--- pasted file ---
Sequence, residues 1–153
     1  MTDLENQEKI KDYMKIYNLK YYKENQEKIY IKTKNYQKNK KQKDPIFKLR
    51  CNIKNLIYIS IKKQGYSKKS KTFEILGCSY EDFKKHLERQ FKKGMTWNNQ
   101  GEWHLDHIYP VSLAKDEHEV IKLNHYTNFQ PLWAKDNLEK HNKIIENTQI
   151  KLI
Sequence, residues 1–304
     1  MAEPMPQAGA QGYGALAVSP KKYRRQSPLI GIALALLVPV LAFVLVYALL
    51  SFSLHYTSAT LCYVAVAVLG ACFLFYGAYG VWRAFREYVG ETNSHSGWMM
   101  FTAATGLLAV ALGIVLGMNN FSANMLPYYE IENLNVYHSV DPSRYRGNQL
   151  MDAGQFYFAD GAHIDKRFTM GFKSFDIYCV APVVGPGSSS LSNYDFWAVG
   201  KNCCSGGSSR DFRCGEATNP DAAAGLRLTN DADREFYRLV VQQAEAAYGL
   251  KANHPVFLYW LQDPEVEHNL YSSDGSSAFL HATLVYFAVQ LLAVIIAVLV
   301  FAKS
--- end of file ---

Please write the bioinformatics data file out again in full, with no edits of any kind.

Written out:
Sequence, residues 1–153
     1  MTDLENQEKI KDYMKIYNLK YYKENQEKIY IKTKNYQKNK KQKDPIFKLR
    51  CNIKNLIYIS IKKQGYSKKS KTFEILGCSY EDFKKHLERQ FKKGMTWNNQ
   101  GEWHLDHIYP VSLAKDEHEV IKLNHYTNFQ PLWAKDNLEK HNKIIENTQI
   151  KLI
Sequence, residues 1–304
     1  MAEPMPQAGA QGYGALAVSP KKYRRQSPLI GIALALLVPV LAFVLVYALL
    51  SFSLHYTSAT LCYVAVAVLG ACFLFYGAYG VWRAFREYVG ETNSHSGWMM
   101  FTAATGLLAV ALGIVLGMNN FSANMLPYYE IENLNVYHSV DPSRYRGNQL
   151  MDAGQFYFAD GAHIDKRFTM GFKSFDIYCV APVVGPGSSS LSNYDFWAVG
   201  KNCCSGGSSR DFRCGEATNP DAAAGLRLTN DADREFYRLV VQQAEAAYGL
   251  KANHPVFLYW LQDPEVEHNL YSSDGSSAFL HATLVYFAVQ LLAVIIAVLV
   301  FAKS